As it is under 10,000 miles the approved mileage rate is 45 pence per mile. Multiplied by 1,500 miles gives a mileage claim of £675.

VAT on mileage claim:

As mentioned previously the fuel advisory rate is 21 pence per mile (September 2019 – petrol car with over 2000cc). Multiplied by 1,500 gives a fuel amount of £315.

The VAT on the fuel amount is £52.50.


Fuel Element£262.50£52.50£315.00
Non-Fuel Element£360.00£0.00£360.00
Total Mileage Claim£622.50£52.50£675.00

N.B The amounts in bold are shown in the previous calculations. The amounts not in bold such as the Non-Fuel amounts are just the differences to make the figures balance.

VAT on mileage claims with over 10,000 miles

The mileage claim reduces to 25 pence per mile if the business miles claimed exceeds 10,000 in any year. However this does not change the VAT calculation as it based on the fuel advisory rate.

If we take the above example the total mileage claim becomes £375. (1,500 miles multiplied by 25 pence a mile).

NOTE: The 1,500 miles is the monthly amount only. The year to date total exceeds 10,000 miles in this example.

The summary table would look as follows:

Fuel Element£262.50£52.50£315.00
Non-Fuel Element£60.00£0.00£60.00
Total Mileage Claim£322.50£52.50£375.00

Fuel receipts to support VAT on mileage claims

In order to claim the VAT on mileage claims a fuel receipt(s) covering the claim must be kept.

This can be confusing as you don’t claim the VAT back on the fuel purchased, so the receipt seems pointless. However those are the HMRC rules, so yes you and your employees must provide fuel receipts if you wish to include VAT on mileage claims.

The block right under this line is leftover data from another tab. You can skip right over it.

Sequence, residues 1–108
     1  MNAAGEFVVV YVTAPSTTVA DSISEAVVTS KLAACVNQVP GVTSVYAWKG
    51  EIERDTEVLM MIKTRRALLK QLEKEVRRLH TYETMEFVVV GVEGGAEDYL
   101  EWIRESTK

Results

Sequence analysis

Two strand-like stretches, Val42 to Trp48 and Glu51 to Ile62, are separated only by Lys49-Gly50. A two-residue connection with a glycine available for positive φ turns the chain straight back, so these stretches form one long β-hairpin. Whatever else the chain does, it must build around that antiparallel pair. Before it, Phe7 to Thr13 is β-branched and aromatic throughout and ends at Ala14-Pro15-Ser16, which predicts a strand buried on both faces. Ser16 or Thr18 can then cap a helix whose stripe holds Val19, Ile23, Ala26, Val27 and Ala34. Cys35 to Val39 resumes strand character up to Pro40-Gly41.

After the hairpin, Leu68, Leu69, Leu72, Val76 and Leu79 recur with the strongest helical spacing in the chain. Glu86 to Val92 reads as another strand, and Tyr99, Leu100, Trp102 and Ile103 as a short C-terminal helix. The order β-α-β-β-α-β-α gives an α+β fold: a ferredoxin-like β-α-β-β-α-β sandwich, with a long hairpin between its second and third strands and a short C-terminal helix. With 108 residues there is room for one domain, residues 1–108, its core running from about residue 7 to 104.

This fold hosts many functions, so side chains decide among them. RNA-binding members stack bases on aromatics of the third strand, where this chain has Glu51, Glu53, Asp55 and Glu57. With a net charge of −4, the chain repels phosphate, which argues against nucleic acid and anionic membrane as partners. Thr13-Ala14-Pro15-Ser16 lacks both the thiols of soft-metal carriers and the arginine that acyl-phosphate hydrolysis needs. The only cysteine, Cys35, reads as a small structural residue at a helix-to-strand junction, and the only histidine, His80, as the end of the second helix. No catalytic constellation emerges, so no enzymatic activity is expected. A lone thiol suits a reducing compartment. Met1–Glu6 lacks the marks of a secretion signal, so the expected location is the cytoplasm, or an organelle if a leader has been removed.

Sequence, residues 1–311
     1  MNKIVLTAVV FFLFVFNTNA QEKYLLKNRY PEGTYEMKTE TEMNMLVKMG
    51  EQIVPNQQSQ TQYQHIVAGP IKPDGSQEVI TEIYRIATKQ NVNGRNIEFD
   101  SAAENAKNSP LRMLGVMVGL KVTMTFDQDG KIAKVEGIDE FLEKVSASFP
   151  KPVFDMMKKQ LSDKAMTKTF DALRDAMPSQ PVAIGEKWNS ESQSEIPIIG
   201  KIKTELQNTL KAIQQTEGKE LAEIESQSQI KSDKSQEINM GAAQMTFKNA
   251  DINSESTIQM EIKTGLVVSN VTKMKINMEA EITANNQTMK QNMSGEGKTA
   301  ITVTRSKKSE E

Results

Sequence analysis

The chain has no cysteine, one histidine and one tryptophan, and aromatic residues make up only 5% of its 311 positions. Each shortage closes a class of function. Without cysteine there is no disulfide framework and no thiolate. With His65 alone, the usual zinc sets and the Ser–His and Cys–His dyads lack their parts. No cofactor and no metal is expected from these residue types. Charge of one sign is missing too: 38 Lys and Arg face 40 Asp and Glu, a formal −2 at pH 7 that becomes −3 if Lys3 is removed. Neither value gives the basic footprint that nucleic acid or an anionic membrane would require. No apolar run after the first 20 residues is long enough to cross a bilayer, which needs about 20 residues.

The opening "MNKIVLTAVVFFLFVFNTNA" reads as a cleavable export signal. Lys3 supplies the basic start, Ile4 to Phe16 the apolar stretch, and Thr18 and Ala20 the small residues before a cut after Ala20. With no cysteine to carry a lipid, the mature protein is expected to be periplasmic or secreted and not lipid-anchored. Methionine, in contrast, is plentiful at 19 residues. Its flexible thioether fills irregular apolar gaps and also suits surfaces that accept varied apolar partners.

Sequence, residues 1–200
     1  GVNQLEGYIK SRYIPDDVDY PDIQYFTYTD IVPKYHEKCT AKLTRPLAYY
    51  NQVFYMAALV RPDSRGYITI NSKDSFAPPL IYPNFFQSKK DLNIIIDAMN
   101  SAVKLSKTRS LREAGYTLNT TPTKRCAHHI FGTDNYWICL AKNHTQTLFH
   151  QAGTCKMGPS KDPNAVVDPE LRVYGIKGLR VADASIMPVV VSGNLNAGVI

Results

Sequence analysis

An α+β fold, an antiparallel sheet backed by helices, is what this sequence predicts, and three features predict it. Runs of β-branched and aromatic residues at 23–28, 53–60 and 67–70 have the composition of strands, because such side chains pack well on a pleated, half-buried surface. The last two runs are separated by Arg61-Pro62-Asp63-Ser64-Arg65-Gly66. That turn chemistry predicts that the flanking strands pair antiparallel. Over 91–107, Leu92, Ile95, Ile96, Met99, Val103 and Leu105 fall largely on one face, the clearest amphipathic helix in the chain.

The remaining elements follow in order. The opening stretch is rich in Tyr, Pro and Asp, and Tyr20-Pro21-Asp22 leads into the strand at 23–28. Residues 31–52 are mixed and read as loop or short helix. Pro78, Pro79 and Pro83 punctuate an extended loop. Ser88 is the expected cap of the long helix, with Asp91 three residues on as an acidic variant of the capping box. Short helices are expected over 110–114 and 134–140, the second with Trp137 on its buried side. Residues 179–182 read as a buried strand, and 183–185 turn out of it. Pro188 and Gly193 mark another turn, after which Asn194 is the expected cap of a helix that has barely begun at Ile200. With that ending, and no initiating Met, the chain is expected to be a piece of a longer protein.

The fuel receipts must cover the VAT. So to reclaim VAT of £52.50 there must also be fuel receipts totalling £315.00.

The fuel receipts can be dated throughout the month or period claimed. However they must be dated before the last date on the period claimed. i.e don’t include fuel receipts dated October 2019 to cover a mileage claim for September 2019.

Flat rate VAT scheme

Businesses which calculate VAT using the flat rate scheme can’t include VAT on mileage claims.

n.b The flat rate scheme is a method of calculating your VAT liability just as a percentage on your sales total. You don’t reclaim any VAT on day to day purchases or expenses. Therefore businesses operating the flat rate VAT scheme can’t include VAT on mileage claims as this is just another day to day cost.


The amount of VAT reclaimed can seem quite small. However if you have numerous employees who all complete mileage claims, over the course of a few months and years the VAT reclaim will add up.

Also, the effort of actually keeping mileage records can be quite time consuming. So, if you and your employees go to all this effort in keeping business mileage logs it doesn’t take much more effort to put a quick formula at the bottom of the calculation.

As Chartered Accountants we understand how important it is to save tax whenever possible. So a simple opportunity to save VAT legally should not be dismissed. If you would like any further information please do not hesitate to contact us.

DISCLAIMER – Please note that the content contained in this article is for general information only and is not a substitute for professional advice – read our full disclaimer